I think that the patient as a partner it is an interesting concept, when you have a patient that comes to you with specific needs and demand. We have to respond to that.

Curiosity team reflections: Recently, a new tendency has occurred since the patients are becoming more and more informed and the doctors need to follow up on these expectations in order to sustain their competitive advantage over the other hospitals. In that respect, they are looking for new approaches towards the patients. It is the curiosity that drives the hospital’s staff to explore and to be constantly a few steps ahead of patients’ knowledge.

Students don’t question decisions / teaching techniques

Prof. Robert J. Baatenburg’s response: I think we have benefit from stimulation […]. Especially in medical schools, people study to become a doctor, they have a goal in their future. But very few people are intrinsically curious to how the human body really works. There are curious people but that’s a minority really. The interaction is sometimes very disappointing. That is one way traffic - I deliver knowledge and theory, but there is not much coming from the audience. Maybe our way of working is not stimulating curiosity because it’s quite rare that students and residents ask why do you do things the way you do it. They accept the way you do it as the standard and they don’t question you very much. Curiosity works two ways: If nobody asks you any questions, you will not improve yourself. And there’s another aspect of curiosity, because it works on safety as well. When nobody questions you then you can make mistakes without anybody saying anything of it and in that way when people are curious, they will keep you sharp and they will prevent you from mistakes.

Curiosity team reflections: What could be concluded from the text above is that the Professor expects his students to be more curious and interactive. The fact is that the formality of the environment is not very helpful as it is so strong that the students may not feel comfortable enough to express different or conflicting opinions and question the methods or techniques used by the doctors. Stimulation of these attitudes could improve the used procedures and lead to an environment that fosters new ideas.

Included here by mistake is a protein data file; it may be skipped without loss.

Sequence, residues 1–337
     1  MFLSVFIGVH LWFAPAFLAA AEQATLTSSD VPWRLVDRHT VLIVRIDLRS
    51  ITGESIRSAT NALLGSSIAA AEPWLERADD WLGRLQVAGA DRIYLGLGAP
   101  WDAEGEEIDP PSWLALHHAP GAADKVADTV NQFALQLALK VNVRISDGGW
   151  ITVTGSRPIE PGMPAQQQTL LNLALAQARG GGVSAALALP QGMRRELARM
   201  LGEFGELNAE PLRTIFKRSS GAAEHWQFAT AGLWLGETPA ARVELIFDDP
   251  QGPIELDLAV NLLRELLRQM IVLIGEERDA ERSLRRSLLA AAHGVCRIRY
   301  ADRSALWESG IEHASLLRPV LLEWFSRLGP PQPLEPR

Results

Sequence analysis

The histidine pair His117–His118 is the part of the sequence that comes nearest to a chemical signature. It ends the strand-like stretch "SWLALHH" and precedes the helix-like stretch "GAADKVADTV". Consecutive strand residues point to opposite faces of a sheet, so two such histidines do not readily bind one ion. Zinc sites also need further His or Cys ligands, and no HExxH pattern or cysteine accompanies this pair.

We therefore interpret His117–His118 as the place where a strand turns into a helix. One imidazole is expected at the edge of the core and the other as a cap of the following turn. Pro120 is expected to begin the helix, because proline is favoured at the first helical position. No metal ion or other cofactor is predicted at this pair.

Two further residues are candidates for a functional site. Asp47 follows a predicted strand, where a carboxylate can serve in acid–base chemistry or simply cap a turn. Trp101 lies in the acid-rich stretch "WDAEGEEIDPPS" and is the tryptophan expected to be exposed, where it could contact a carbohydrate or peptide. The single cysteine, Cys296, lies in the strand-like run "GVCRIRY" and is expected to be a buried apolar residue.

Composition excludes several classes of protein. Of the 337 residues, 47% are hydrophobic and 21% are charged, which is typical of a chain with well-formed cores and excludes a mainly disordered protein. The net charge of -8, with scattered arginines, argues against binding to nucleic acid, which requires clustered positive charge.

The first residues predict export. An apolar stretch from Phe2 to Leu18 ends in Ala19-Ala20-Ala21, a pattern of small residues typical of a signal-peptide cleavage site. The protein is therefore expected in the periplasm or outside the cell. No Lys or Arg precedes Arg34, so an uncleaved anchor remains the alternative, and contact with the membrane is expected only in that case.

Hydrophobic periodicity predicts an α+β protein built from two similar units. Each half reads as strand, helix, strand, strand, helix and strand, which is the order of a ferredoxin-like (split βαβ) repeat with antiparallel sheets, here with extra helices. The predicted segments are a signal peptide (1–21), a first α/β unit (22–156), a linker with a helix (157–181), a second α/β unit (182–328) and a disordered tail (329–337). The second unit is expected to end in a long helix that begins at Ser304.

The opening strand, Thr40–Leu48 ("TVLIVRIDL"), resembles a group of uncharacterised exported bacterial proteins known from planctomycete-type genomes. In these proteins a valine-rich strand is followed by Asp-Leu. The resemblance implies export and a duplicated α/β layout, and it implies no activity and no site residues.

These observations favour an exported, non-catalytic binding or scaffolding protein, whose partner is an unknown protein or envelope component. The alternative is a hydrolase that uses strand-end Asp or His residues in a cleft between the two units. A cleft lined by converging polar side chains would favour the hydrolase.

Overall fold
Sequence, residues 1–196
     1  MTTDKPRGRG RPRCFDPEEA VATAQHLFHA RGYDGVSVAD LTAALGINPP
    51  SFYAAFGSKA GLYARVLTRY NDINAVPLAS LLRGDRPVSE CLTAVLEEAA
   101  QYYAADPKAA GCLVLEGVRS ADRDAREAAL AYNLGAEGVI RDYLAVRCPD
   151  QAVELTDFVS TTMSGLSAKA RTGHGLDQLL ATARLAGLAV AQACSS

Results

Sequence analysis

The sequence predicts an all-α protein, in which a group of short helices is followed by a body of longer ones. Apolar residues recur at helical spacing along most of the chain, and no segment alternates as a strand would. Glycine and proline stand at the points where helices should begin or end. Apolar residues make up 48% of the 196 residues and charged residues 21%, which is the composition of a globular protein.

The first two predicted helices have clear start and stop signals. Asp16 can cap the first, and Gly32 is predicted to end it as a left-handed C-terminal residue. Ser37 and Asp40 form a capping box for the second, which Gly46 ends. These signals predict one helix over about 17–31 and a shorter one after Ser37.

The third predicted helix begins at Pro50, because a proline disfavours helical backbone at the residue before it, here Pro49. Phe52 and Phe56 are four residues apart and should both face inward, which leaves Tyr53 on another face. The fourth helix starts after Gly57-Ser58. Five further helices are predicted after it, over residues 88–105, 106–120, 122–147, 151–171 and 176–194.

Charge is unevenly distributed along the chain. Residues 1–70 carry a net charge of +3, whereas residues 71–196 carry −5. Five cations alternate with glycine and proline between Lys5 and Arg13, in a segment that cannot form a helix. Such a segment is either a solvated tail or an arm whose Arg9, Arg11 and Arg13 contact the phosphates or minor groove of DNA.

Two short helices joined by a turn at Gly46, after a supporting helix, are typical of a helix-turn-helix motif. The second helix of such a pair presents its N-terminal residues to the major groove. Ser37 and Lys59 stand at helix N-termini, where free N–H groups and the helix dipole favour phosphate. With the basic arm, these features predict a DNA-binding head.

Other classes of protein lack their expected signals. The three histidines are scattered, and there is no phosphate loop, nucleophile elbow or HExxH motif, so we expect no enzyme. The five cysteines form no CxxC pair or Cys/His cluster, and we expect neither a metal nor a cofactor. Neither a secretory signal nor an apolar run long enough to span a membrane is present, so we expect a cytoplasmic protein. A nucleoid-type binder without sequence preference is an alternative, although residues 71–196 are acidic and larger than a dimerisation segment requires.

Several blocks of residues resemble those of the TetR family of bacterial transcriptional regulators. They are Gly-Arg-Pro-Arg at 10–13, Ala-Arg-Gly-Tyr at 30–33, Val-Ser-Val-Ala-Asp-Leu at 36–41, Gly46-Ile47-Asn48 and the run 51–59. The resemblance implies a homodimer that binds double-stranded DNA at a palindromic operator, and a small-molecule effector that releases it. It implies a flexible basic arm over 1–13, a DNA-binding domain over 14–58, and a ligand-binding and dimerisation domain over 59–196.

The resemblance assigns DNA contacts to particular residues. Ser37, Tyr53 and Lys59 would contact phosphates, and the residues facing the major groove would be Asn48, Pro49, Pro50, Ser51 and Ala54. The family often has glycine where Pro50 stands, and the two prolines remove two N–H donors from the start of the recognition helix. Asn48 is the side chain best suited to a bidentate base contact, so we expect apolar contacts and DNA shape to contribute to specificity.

Suggestions: What the hospital might take into account are the following suggestions:

  1. One possible way could be enhancing curiosity by changing the teaching techniques in a more creative way. Another aspect could be establishing a more creative environment, in which students will feel more at ease to express their opinions and exchange their knowledge. (i.e. outside activities, student volunteers to chair the next teaching session, reservation of time by the end of each lecture to devote it to more personal reflections)
  2. Another possible way may be the introduction of more informal conversations with the students in order to create a more open environment, preferably on weekly basis.
  3. Finally, the professor could try to acquaint with each PhD student’s personality and interests in order to stimulate their curiosity. This way, students acquire the feeling that their ideas and opinions no matter how extreme, are not dismissed but appreciated. As suggested in the article "Curious about Curiosity?" by Sharon Walsh, some activities that the lecturer could introduce to the students may include: “questioning, increasing awareness, confronting ambiguities and uncertainties, and making the strange familiar or making the familiar strange.”

For further information regarding the Company, the Interviewees, the Interview Structure or Reflections obtained during the process, see Case study Group 2.

For further information regarding the role of Curiosity in the Adaptive Cycle go back to Group 2 Student Lecture.